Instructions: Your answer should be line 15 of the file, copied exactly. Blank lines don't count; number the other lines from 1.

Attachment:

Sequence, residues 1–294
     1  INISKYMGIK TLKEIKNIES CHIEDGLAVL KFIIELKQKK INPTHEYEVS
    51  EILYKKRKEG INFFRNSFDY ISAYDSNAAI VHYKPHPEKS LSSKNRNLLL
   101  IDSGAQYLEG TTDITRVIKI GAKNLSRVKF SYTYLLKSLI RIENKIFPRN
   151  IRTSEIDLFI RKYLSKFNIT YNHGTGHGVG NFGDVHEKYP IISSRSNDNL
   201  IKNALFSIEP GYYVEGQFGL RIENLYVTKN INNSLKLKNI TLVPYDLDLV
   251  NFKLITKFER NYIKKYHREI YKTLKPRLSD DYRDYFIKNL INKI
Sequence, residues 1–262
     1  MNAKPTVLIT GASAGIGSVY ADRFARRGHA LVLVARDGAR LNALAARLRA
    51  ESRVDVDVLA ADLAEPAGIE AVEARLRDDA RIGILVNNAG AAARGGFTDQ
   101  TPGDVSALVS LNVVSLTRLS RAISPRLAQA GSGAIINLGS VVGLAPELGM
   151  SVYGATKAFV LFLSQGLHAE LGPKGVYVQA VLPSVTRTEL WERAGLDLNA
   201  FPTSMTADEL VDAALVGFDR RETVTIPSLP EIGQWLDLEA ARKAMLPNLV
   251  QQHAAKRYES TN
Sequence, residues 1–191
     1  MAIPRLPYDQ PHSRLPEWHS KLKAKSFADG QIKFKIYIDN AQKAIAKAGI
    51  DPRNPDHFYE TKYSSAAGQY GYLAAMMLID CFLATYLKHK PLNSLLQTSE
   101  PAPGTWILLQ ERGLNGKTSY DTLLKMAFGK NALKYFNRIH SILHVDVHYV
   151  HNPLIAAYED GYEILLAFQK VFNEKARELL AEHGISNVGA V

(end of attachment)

Sequence, residues 1–191